UP at 25% which is about right with pre-election polling. PSOE at about 22%


14. Gewerkschaftler - June 26, 2016

PP win only possible by gerrymandering – see above.


15. Gewerkschaftler - June 26, 2016

Finally found a TV stream that works (in Spanish):



Gewerkschaftler - June 26, 2016

Russia Today – YMMV. Now it’s Chomsky. Can’t find another decent live feed. El Pais servers groaning under the strain.


16. Gewerkschaftler - June 26, 2016

Worst election turnout since the Franco dictatorship.


Gewerkschaftler - June 26, 2016

A warning there for those who attempt to replay elections (or indeed referenda).


17. Gewerkschaftler - June 26, 2016

Second exit poll confirmed the above more or less, with the fake movement Cuidadanos down to 12%, gratifyingly.


Gewerkschaftler - June 26, 2016

So Cuidadanos did nothing more than take away votes from the PP this time – they won’t be relevant in coalition negotiations and will probably fade away.


18. paulculloty82 - June 26, 2016

With a third of the vote counted, PP are up eight seats on 131, Socialists up two, and Podemos’ various tickets are a combined 69. Ciudadanos down to 27 seats.


paulculloty82 - June 26, 2016

Edit, that leaves PSOE on 92.


Gewerkschaftler - June 26, 2016

Those are, I assume, projections on the basis of the votes counted.

Bit different from the exit polls.


19. paulculloty82 - June 26, 2016

Both Podemos and Ciudadanos climbing slightly with later returns:



20. paulculloty82 - June 26, 2016

With 95% of votes counted, looks like a PP-Ciudadanos minority coalition:

PP 137 (+14)
PSOE 85 (-5)
Unidos Podemos 71 (-)
Ciudadanos 32 (-8)


WorldbyStorm - June 26, 2016

Worst of all worlds really. Thanks Paul for the figures, though.


21. Gewerkschaftler - June 26, 2016

Very disappointing – how would such a minority coalition work, I wonder?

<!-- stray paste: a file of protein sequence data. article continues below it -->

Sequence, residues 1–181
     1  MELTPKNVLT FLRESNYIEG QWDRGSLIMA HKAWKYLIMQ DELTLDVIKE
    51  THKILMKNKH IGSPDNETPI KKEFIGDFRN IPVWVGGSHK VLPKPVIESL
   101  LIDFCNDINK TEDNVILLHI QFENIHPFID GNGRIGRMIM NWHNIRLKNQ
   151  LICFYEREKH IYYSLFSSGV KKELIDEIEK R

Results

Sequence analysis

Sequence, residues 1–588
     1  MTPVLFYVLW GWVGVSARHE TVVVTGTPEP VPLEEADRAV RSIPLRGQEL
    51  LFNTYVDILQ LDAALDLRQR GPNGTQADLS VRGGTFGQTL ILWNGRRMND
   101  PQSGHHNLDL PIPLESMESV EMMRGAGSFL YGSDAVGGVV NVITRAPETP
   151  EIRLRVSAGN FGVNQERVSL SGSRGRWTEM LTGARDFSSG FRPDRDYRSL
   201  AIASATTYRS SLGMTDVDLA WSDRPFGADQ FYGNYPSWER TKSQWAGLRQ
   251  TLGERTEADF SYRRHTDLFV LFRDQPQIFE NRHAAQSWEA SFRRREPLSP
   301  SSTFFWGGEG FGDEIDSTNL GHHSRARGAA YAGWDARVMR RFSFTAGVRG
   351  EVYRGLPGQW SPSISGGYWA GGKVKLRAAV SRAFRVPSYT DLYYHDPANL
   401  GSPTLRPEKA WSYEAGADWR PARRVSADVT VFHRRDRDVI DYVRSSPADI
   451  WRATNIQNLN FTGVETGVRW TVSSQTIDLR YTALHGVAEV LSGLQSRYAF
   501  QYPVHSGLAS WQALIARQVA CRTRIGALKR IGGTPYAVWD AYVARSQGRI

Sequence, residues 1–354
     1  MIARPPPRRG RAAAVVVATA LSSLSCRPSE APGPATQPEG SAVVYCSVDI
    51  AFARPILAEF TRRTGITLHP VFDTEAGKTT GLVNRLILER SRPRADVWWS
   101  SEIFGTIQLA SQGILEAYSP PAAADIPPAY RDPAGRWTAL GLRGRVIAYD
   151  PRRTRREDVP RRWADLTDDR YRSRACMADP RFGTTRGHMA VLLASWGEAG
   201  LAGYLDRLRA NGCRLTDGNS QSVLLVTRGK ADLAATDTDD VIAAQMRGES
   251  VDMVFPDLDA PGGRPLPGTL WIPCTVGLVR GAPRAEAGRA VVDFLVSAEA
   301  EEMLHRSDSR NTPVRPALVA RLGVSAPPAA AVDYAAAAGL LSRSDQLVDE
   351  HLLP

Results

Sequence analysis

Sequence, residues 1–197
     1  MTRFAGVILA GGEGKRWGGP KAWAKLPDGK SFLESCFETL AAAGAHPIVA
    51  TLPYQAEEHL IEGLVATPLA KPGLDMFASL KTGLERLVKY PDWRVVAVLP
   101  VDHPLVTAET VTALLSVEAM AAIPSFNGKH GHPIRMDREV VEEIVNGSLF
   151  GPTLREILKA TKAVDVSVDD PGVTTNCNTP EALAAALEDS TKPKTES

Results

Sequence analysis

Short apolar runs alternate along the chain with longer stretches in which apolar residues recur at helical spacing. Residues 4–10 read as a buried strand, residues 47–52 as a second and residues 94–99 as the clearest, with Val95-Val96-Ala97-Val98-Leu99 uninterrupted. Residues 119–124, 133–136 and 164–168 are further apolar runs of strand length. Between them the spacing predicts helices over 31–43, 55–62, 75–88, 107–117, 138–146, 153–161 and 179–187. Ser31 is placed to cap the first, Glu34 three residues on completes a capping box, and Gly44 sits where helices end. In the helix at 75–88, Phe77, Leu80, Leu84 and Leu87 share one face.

PP-PSOE are the only possible majority coalition, given the others are Basques and Catalans.


ar scáth a chéile - June 26, 2016

Something of an anti-climax for Unidos Podemos it seems but am taking consolatiion from the plastic citizens party , Ciudadanos, not doing very well.


An Cathaoirleach - June 27, 2016

Rajoy is in a powerful position, opposition will not want another election. The additional two seats in Madrid with Podemos & allies losing must have been particularly sweet. PNV will have no problem with Rajoy as long as he leaves them alone to run Basque territories.

The other problem for Podemos is it “borrowed” secessionist votes promising plebiscites, which they cannot now deliver. Those votes are likely to return to Bildu or Catalan parties.

They lasted longer than Corbyn will.


Leave a Reply

Fill in your details below or click an icon to log in:

WordPress.com Logo

You are commenting using your WordPress.com account. Log Out /  Change )

Google+ photo

You are commenting using your Google+ account. Log Out /  Change )

Twitter picture

You are commenting using your Twitter account. Log Out /  Change )

Facebook photo

You are commenting using your Facebook account. Log Out /  Change )


Connecting to %s

%d bloggers like this: